Right Royale rumpus over 'unlawful' five-star hotel in Cape Town
It promises a five-star sleepover with a 270-degree view of Cape Town‚ but the owner of the Cape Royale Hotel could be having sleepless nights fighting a lawsuit to shut down the establishment.
On Friday‚ the High Court in Cape Town heard an application for leave to appeal against a judgment delivered by the court in February shutting down the Green Point hotel for contravening a municipal by-law.
The administrator of the hotel body corporate‚ Simon Woolley of Noland Forensics‚ sued the developer‚ Paschal Phelan‚ for contravening zoning regulations.
The hotel and restaurants are in direct contravention of the approved plans for the building in respect of fire safety.
Phelan is also a trustee of the body corporate‚ which has been under administration since 2013 when a judge found him and his co-trustee guilty of “fiduciary failings”.
In his court papers‚ Woolley said the hotel was “operating unlawfully from the property”‚ which “constitutes a criminal offence”. He said “the use of the property as a hotel poses a health‚ safety and fire hazard” which could compromise the R680-million insurance policy.
“As the building is currently approved and built‚ there are material concerns as to aspects of the fire-safety design and compliance‚ which represents a material risk to life safety‚” the court papers read.
“The hotel and restaurants are in direct contravention of the approved plans for the building in respect of fire safety.”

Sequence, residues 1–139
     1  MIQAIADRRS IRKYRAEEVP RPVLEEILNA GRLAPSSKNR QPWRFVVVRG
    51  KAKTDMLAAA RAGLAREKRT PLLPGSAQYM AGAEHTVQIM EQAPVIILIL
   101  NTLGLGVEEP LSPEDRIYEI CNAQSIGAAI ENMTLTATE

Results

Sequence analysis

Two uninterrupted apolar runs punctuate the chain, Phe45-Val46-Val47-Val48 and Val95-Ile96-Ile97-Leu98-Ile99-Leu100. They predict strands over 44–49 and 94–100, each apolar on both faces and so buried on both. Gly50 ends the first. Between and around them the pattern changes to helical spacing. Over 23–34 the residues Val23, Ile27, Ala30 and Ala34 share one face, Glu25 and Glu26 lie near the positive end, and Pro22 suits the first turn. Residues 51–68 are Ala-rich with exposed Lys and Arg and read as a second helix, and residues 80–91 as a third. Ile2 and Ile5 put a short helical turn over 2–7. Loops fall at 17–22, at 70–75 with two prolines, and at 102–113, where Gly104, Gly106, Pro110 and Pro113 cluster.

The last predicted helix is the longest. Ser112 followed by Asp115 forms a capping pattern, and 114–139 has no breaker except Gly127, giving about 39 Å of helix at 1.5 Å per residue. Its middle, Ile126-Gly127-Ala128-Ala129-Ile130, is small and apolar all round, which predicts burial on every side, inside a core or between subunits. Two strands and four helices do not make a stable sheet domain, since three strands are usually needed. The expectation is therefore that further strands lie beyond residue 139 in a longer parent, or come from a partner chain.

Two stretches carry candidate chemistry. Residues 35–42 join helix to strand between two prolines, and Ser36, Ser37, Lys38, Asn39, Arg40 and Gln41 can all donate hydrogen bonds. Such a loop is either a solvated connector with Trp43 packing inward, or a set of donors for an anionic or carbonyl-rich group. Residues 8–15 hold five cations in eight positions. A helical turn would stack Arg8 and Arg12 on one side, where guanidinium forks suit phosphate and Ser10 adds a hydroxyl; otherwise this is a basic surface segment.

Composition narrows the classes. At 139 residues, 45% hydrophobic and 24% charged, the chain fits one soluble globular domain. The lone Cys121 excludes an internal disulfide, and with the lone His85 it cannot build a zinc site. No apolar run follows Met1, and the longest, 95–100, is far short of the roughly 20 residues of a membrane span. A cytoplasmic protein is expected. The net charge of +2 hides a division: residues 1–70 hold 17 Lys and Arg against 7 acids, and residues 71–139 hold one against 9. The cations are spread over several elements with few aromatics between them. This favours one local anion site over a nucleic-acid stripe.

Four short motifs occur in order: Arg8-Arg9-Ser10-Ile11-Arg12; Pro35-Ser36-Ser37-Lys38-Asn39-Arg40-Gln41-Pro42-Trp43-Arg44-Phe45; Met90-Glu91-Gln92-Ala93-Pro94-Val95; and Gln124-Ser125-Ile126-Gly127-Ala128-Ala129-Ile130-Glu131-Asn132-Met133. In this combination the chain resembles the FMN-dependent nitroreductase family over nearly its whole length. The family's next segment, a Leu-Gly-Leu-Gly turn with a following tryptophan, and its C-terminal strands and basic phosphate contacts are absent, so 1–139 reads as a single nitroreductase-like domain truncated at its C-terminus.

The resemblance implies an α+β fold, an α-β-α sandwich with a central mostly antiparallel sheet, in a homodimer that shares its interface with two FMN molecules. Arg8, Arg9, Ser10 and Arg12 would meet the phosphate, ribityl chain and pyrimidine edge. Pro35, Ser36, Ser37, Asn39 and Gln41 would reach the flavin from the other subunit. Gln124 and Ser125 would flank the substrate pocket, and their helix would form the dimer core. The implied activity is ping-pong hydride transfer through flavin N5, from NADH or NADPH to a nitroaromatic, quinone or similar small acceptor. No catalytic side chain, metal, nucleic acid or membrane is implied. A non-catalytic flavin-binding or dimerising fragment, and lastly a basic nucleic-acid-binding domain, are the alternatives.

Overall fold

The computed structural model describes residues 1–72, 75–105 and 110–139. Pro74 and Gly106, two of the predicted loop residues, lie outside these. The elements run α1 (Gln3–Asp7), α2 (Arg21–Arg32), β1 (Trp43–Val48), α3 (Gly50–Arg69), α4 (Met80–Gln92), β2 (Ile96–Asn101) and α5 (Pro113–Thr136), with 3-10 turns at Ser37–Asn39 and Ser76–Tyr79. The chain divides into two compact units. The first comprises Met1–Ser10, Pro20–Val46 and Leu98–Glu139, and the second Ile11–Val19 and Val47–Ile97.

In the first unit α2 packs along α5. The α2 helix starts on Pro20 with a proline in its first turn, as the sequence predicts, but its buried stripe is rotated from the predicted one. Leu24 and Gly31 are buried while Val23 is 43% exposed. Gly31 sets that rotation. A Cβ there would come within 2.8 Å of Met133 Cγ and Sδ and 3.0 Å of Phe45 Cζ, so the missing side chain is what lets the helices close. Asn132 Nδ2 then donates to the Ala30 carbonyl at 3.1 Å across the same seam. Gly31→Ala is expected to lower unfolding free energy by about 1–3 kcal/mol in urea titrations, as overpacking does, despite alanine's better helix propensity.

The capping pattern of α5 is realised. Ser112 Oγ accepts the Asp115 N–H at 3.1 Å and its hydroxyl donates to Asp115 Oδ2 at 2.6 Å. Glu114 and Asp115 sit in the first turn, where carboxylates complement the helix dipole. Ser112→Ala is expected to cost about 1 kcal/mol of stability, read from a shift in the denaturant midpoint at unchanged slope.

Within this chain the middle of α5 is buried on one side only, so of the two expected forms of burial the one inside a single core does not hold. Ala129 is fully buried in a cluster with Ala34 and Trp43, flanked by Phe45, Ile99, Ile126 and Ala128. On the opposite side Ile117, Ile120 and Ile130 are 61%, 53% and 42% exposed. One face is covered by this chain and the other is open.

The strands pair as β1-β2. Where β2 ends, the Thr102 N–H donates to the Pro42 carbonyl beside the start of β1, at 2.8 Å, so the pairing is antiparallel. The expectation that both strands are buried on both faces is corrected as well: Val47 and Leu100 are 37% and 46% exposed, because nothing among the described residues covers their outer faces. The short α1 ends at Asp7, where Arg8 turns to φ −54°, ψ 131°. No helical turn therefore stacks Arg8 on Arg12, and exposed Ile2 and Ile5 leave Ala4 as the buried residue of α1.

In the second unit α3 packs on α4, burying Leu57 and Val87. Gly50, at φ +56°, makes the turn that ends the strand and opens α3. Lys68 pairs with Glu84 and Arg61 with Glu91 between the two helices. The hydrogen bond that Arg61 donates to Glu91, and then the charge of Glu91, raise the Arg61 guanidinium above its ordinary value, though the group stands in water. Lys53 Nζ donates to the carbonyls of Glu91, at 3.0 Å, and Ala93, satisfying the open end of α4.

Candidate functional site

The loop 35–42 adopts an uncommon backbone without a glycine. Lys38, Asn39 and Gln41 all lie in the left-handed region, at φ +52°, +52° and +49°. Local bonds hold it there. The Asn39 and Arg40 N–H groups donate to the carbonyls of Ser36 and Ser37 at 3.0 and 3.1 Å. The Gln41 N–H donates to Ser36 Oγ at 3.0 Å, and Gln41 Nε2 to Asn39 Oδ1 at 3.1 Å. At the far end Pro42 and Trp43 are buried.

Phelan opposed the application but the court interdicted him from “operating or permitting the operation of a hotel on the property unless and until the required approvals have been obtained from” the City of Cape Town.
He was also “restrained from marketing‚ offering‚ conducting and/or permitting the operation of a hotel”.
Cape Royale’s Taryn Lee Vos told TimesLIVE the hotel was operating optimally. “Cape Royale has appealed the judgment‚ which was obtained by the administrator of the body corporate without consultation with or the consent of the owners‚ and continues to operate as normal with one of the highest occupancy rates in Cape Town‚” she said.
“Arising from a dispute in the body corporate administration an administrator was appointed in early 2013 to resolve the matter … within one year of the date of such appointment. Unfortunately‚ this saga now continues five years later‚ at significant cost to all owners.”
Lee Vos said they expected the “matter to be fully resolved in the coming months”. Woolley said judgment would be delivered next week.
The hotel was the site of the now-defunct ZAR Lounge nightclub‚ run by controversial businessmen and former convicts Kenny Kunene and Gayton McKenzie‚ where patrons ate sushi off the bodies of models.